Federal, state, and local policy makers -- in partnership with workforce funders -- should invest in the development, integration, and availability of longitudinal workforce and education data that best informs public policy.

 

Education and training providers should identify appropriate opportunities to address gaps, scale cooperation, and leverage data to inform programming and decision making.

 

State and local policy makers -- in partnership with workforce funders -- should provide the data that education and training providers require to connect their programs to business performance and participant outcomes. Integrated data systems should support metrics like time to job placement, speed to job promotion, length of continued employment, cost of recruitment and training, or employer productivity and quality outcomes.

 

Government, business and civic leaders, and other regional actors should develop and implement a shared vision for inclusive growth in northeastern Illinois, as well as define key metrics to track regional progress toward inclusive growth goals.

Maintain adequate information on programs for sub-baccalaureate credentials and adult basic education

Sub-baccalaureate credentials and adult basic education -- including short-term credential, licensure, high school equivalency, and certification programs -- make up a substantial and growing share of enrollment at metropolitan Chicago’s community colleges. These new models of education may provide more flexible and affordable options than traditional degree programs. However, sub-baccalaureate programs are not uniformly valuable for workers or employers. Because some providers are not subject to traditional accrediting agencies, decision-makers do not have generally accepted standards or integrated data to gauge the quality of non-traditional and non-credit programs. There is a growing recognition in our region regarding the full breadth of training, in-demand skills, and meaningful work experience required to build long-term employability. Many sub-baccalaureate programs can play an important role in connecting residents to pathways for upward mobility.  Their topics and structures may need to be further rationalized or enhanced based on the needs of growing industries and the economic outcomes of students. Many education and training providers are already adjusting their policies and curricula to reflect best practices for such programs. Improved information about program characteristics, competencies, and outcomes can also help potential students make a confident choice about what programs to pursue.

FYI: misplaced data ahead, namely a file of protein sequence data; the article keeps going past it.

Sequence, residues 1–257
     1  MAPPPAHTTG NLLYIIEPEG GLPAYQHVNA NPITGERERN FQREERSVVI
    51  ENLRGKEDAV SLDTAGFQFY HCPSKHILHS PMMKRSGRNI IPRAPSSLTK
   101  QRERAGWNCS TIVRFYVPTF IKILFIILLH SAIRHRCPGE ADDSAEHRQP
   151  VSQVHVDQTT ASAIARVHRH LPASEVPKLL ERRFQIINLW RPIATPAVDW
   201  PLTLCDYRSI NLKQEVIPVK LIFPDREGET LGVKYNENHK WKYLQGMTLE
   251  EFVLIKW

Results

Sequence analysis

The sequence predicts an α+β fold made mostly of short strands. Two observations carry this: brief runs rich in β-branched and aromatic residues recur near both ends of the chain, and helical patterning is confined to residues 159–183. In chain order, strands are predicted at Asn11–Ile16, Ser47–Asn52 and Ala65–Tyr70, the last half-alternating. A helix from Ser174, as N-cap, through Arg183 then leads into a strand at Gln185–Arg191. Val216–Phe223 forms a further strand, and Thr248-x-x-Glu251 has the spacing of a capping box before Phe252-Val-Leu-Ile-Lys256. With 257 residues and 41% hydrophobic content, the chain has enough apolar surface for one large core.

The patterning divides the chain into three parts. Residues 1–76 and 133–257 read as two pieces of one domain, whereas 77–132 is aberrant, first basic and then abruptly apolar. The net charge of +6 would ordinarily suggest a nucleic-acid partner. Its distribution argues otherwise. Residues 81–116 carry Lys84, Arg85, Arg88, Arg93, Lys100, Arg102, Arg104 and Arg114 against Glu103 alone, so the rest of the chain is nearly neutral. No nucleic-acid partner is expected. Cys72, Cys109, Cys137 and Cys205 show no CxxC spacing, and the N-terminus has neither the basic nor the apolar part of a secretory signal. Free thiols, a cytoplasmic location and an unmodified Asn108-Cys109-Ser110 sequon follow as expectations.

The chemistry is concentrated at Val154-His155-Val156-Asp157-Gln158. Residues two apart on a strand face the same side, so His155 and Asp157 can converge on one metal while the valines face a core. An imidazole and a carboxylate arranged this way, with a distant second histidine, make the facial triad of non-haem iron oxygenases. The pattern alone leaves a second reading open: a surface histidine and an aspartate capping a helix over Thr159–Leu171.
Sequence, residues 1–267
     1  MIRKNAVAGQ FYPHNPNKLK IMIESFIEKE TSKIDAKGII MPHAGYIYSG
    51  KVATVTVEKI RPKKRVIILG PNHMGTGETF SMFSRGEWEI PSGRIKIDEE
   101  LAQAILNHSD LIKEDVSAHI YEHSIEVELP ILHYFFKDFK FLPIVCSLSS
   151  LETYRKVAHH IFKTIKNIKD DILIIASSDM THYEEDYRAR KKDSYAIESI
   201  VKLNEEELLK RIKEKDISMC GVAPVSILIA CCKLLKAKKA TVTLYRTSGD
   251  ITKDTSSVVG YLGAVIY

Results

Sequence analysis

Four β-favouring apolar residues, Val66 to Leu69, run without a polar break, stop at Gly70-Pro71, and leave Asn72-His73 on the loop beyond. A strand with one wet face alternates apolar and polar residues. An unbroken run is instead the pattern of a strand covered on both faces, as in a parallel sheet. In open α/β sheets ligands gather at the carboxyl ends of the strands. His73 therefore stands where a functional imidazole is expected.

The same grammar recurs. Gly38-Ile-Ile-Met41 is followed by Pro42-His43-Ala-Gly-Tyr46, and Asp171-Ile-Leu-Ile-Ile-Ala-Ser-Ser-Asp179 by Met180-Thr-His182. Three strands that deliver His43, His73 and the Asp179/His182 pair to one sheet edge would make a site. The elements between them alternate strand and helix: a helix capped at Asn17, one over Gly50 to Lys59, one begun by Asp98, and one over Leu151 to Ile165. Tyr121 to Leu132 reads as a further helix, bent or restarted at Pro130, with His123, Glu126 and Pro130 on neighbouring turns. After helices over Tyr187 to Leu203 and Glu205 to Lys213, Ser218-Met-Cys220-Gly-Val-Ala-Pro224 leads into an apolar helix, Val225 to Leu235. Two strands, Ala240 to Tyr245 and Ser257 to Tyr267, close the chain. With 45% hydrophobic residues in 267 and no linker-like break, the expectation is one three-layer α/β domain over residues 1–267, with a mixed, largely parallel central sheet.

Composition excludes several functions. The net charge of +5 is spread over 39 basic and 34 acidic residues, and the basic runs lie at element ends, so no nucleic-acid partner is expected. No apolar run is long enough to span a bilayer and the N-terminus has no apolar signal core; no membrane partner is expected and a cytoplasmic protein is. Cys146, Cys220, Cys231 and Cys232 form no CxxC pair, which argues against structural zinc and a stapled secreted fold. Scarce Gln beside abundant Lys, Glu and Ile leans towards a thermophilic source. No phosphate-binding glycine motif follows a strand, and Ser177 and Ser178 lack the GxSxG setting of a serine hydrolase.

Footnotes

[1] Chicago Metropolitan Agency for Planning analysis of American Community Survey data, 1-year estimates in 2005-2016 for the Chicago-Naperville-Elgin metropolitan area.

[2] Chicago Metropolitan Agency for Planning analysis of U.S. Census Bureau data.

[3] Chicago Metropolitan Agency for Planning analysis of U.S. Bureau of Labor Statistics data, https://www.bls.gov/emp/ep_chart_001.htm.

[4] Edward Glaeser, Giacomo Ponzetto, and Kristina Tobio, “Cities, Skills, and Regional Change,” NBER Working Paper 16934 (National Bureau of Economic Research, 2011), http://www.nber.org/papers/w16934.pdf.

[5] Veronica Minaya and Judith Scott-Clayton, "Labor Market Trajectories for Community College Graduates: New Evidence Spanning the Great Recession. A CAPSEE Working Paper," (Center for Analysis of Postsecondary Education and Employment, 2017).

[6] David Bradley, The workforce Innovation and Opportunity Act and the One-Stop Delivery System, Congressional Research Service Reports No. R44252 (Congressional Research Service, 2015).